What is Current Transfer Ratio In a Linear Optocoupler?

Thread Starter

johnyradio

Joined Oct 26, 2012
434
Current Transfer Ratio (CTR) in a linear optocoupler:
  • Is it always temperature based? Ie, amount of drift relative to change in ambient temperature? Or does it sometimes just mean linearity, regardless of temperature?
  • Does a smaller CTR mean less drift, more linear, or...?
  • What does a CTR of "100% to 200%" mean?
 

dl324

Joined Mar 30, 2015
16,896
Is it always temperature based? Ie, amount of drift relative to change in ambient temperature? Or does it sometimes just mean linearity, regardless of temperature?
It has to be dependent on temperature because the beta of the output amplifier changes with temperature, current, ...
Does a smaller CTR mean less drift, more linear, or...?
No. Plus CTR degrades over time.
What does a CTR of "100% to 200%" mean?
It's the ratio of the output current to the input current.
 

Papabravo

Joined Feb 24, 2006
21,217
CTR has nothing to do with drift or linearity. In optocouplers generally it represents how much of the diode current is reflected in the transistor current. It is a function of many things, and it usually degrades over time. That is why there is compensation circuitry in isolated DC-DC converters when they are used to feedback the output voltage to the controller. A smaller CTR means less of the diode current is present in the output transistor. A CTR of 100% means that if the forward current in the diode is 10 mA, then the collector(emitter) current will also be 10 mA.

I'm not familiar with ANY optocouplers that are specifically intended for linear operation. Could you give me a part number so I can check the datasheet.
 

crutschow

Joined Mar 14, 2008
34,386
I'm not familiar with ANY optocouplers that are specifically intended for linear operation.
They commonly have dual outputs so one output can be used for negative feedback at the input to give a linear input to output signal.
The IL300 is one example.
 

Thread Starter

johnyradio

Joined Oct 26, 2012
434
  • Is it always temperature based? Ie, amount of drift relative to change in ambient temperature? Or does it sometimes just mean linearity, regardless of temperature?
It has to be dependent on temperature because the beta of the output amplifier changes with temperature, current, ...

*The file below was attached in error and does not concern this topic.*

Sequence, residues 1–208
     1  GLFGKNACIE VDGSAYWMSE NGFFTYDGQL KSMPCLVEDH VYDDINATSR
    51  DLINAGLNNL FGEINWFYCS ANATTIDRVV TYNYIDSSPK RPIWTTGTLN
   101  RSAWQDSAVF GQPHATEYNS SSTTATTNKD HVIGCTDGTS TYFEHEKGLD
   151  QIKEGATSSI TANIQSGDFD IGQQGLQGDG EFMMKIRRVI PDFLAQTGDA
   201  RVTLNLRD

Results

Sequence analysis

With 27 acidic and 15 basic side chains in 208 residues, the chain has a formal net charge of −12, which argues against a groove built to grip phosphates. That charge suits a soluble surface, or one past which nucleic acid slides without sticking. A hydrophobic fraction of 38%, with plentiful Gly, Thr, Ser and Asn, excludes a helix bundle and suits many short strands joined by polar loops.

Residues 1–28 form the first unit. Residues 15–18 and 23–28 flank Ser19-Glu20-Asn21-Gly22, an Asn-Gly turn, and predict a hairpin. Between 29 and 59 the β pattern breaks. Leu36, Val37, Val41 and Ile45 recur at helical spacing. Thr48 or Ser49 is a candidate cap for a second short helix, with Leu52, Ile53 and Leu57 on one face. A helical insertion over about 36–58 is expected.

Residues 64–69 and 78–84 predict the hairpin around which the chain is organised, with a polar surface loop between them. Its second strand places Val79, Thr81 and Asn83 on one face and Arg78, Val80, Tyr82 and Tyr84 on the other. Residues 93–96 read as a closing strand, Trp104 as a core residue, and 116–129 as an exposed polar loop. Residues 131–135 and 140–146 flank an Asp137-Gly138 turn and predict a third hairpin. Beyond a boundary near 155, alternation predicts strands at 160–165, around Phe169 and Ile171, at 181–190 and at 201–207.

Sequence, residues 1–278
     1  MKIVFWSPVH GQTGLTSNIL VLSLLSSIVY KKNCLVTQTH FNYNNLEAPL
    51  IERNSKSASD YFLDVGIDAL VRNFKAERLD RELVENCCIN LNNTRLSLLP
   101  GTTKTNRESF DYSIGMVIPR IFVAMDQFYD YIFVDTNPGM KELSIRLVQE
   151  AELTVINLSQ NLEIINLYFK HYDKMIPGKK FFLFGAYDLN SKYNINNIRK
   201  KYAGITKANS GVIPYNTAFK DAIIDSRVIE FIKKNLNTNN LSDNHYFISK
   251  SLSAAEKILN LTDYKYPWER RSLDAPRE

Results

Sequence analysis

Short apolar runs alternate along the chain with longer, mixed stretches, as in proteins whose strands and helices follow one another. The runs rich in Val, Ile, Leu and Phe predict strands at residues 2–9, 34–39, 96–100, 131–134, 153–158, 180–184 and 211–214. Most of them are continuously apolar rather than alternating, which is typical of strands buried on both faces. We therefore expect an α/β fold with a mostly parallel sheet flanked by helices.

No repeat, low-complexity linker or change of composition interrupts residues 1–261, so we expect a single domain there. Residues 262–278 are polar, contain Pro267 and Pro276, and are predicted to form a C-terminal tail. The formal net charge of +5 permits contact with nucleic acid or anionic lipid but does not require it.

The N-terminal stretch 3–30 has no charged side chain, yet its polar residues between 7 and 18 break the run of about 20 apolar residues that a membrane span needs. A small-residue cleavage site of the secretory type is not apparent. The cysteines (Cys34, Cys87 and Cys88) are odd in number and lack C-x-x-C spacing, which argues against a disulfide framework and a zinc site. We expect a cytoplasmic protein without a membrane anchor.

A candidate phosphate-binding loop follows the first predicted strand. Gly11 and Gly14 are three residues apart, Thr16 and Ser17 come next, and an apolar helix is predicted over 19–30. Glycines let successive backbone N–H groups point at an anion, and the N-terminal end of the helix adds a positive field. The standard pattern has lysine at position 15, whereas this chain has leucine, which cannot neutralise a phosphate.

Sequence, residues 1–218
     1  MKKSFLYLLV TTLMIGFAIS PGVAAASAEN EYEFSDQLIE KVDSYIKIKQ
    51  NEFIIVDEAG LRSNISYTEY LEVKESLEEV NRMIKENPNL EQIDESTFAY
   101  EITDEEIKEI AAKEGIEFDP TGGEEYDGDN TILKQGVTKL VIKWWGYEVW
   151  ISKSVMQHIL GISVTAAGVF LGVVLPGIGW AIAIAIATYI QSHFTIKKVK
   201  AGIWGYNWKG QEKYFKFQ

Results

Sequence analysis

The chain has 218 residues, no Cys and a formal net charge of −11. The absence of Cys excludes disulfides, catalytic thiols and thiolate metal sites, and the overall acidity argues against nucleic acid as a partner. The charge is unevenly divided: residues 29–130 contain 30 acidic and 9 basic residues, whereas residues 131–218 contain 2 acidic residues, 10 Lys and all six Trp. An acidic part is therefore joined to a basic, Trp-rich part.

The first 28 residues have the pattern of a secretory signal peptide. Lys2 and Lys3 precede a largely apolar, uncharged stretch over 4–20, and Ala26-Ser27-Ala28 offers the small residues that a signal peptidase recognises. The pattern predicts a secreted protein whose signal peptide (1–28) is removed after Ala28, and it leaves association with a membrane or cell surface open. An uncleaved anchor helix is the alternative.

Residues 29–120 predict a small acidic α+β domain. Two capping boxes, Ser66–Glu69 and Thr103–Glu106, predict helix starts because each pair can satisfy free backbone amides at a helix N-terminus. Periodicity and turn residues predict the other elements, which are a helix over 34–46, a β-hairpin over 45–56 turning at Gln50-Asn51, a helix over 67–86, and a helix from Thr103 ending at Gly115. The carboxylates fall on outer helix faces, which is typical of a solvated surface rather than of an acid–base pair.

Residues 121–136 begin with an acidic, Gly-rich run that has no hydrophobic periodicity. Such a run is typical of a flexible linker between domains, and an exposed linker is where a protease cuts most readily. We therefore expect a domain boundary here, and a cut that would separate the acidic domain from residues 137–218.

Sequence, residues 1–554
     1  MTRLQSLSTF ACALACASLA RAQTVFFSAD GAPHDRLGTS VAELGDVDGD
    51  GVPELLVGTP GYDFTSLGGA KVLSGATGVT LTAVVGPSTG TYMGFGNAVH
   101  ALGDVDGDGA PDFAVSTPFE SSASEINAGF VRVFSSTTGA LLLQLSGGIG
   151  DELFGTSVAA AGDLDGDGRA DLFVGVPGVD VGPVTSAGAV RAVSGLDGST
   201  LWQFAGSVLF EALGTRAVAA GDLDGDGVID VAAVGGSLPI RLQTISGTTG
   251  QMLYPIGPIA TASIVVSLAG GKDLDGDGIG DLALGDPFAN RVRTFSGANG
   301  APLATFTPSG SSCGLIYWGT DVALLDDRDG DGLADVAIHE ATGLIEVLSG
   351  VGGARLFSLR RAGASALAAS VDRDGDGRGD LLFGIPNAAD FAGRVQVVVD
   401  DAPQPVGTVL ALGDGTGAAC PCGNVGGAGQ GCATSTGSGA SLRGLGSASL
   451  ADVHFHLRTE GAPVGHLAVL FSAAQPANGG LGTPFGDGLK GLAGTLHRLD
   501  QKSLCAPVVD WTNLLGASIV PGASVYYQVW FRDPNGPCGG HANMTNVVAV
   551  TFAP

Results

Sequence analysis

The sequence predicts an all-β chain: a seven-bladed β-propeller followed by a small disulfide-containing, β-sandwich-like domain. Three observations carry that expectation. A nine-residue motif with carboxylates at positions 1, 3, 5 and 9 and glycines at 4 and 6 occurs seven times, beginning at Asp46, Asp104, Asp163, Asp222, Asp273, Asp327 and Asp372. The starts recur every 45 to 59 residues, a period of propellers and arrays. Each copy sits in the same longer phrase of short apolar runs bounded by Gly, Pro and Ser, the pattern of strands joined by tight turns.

Meaning, i think, that the amount of feedback changes with load and temp, which in turn alters the amount of amplification. I'm guessing that would only apply to an opto with transistor output, and not an opto with a photosensor/photodiode output?
  • Does a smaller CTR mean less drift, more linear, or...?
No. Plus CTR degrades over time.
That wasn't a yes/no question. Also, don't opto's with dual sensors compensate for degradation.

1705865256442.png
  • What does a CTR of "100% to 200%" mean?
It's the ratio of the output current to the input current.
I was asking specifically about the numbers "100% to 200%". Does it mean that, with changes in temperature and load, ratio can vary by anywhere from 100% to 200%? Or...?
 
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Papabravo

Joined Feb 24, 2006
21,217
That sounds like a linear relationship of some sort.

LOC110
https://www.mouser.com/datasheet/2/205/LOC110-1391998.pdf
The datasheet will quote an average value or a value at a particular current and it is not constant.
The following simulation exposes the actual behavior where the middle trace show CTR as a function of diode current.

1705866609821.png
The diode current is swept in a linear fashion from 0.1 mA to 60 mA in increments of 0.1 mA. The blue trace of that sweep is linear, but the current through the transistor is NOT. The output window gives actual values at the two points 1 mA and 30 mA. You can do things in simulation that might break an actual part.

I'll have a look at the datasheet you referenced.
 

Papabravo

Joined Feb 24, 2006
21,217